In my twenties, I made an investment that I learned a ton from. It was the very beginning of the financial crisis. I saw an opportunity, made up my mind, and pulled the trigger. A few months later, the world was in free fall. The value of my investment plummeted, and my startup was struggling to get customers. It felt like nothing was going right for me (or anyone else). I recently reflected on that time with a close friend:
- Experience – I didn’t have experience with the type of investment I was making. In hindsight, I wish I’d connected with someone more seasoned in the space so I could have factored their wisdom into my decision-making. My lack of experience handicapped my decision-making and execution.
- Timing – The impact of timing can’t be underestimated. It’s not something one can usually control, but it can have an outsize impact on returns. In this situation, I was too early.
- Conviction – I didn’t have strong conviction about the investment I was making, so when things began to go differently than I had anticipated, I was ready to sell. I sold way too early for a small profit. Had I held on, my profit would have been huge. If I don’t have a strong conviction about something, I shouldn’t invest in it. Conviction is key to weathering the ups and downs of the journey.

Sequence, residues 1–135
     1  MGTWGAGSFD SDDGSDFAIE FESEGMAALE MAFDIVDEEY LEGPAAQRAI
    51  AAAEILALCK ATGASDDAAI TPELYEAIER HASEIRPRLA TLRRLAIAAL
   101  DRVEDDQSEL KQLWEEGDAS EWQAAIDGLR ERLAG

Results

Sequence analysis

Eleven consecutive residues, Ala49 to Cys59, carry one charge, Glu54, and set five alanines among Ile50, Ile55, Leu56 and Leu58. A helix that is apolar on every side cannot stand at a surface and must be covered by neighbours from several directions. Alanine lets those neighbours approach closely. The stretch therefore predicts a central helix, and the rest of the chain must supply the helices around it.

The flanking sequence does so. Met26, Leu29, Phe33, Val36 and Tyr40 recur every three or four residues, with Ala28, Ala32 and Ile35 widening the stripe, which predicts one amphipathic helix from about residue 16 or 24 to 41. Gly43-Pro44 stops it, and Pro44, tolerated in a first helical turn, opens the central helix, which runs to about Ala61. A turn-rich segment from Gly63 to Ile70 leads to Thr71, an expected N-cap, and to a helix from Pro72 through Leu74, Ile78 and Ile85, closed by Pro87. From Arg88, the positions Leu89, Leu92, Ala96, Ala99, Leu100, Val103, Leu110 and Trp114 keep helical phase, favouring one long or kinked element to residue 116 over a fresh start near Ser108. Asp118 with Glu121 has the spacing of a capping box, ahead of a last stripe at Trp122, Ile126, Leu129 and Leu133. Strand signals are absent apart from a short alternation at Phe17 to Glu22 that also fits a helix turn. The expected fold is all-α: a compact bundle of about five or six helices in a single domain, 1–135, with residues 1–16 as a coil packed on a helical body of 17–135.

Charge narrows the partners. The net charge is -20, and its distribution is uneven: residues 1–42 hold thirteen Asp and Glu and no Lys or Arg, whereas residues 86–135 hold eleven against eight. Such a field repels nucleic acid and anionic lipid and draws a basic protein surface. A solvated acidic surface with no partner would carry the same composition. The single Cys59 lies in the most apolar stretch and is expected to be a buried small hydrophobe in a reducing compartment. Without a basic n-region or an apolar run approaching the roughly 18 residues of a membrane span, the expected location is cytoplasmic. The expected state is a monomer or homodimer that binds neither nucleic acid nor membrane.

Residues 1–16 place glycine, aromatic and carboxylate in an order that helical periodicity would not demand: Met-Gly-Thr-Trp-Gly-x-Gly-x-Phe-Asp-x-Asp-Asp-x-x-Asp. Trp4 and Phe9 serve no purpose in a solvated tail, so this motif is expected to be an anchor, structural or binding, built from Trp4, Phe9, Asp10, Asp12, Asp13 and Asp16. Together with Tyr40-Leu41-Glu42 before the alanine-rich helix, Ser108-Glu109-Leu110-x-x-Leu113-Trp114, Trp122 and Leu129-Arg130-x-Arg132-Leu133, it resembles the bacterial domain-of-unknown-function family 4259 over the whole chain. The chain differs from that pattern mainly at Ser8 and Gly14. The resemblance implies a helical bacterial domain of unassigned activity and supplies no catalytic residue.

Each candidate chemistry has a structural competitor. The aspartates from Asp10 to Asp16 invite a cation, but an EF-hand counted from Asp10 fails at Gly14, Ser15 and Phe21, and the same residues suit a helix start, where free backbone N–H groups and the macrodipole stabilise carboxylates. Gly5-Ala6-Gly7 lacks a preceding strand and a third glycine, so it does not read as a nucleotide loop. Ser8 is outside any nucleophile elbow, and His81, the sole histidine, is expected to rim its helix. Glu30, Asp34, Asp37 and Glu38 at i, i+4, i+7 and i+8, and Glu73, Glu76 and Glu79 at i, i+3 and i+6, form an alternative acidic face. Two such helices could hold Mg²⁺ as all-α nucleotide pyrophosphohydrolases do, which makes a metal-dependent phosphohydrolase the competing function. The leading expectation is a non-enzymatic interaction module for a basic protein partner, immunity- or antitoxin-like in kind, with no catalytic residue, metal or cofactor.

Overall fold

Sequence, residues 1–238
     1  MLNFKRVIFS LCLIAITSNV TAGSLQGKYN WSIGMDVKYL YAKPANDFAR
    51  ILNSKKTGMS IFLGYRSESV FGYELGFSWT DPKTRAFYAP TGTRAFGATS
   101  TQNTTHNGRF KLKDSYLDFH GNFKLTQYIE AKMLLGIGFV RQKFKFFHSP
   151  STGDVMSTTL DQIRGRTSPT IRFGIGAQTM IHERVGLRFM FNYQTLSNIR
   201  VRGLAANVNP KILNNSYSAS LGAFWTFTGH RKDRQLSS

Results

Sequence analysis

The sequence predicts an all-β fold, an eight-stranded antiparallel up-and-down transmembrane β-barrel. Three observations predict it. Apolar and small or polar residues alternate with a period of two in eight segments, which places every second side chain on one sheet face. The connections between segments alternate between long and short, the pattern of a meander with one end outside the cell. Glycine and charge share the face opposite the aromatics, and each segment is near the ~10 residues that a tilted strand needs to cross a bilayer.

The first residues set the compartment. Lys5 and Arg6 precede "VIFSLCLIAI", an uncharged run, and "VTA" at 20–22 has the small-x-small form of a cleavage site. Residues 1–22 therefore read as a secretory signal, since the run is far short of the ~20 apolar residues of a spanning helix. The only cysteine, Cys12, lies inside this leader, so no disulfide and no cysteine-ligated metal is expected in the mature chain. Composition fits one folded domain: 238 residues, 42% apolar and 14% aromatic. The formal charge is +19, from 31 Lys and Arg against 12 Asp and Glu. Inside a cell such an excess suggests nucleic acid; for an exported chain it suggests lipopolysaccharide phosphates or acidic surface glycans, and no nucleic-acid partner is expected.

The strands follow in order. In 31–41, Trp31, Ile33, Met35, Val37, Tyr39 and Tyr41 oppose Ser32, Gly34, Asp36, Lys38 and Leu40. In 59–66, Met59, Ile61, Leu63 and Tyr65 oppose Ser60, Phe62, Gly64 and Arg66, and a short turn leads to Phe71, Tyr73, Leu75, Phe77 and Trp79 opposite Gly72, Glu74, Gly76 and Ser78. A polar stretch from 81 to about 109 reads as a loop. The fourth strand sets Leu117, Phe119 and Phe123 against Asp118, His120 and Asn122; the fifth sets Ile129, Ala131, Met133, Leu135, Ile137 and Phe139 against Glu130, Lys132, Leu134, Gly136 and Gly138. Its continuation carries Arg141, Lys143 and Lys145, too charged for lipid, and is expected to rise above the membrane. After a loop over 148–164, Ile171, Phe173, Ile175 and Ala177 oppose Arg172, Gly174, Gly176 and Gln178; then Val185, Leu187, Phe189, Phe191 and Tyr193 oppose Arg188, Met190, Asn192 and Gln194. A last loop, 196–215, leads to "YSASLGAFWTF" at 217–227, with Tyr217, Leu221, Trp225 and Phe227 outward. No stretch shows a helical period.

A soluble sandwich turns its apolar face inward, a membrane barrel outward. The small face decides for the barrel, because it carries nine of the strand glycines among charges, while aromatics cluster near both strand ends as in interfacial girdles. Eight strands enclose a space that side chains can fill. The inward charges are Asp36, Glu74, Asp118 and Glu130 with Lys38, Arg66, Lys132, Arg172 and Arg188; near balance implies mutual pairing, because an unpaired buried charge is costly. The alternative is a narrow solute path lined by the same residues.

- Horizon – I didn’t have much of an idea how long I planned to hold the investment. That and lack of conviction resulted in a premature sale. I now try to think about how long something might take to reach its full potential and use that as my time horizon.
In the end, this investment turned out fine and I learned a ton from it. I’m glad I did it. Because of it, I gained valuable knowledge that’s been useful over the years.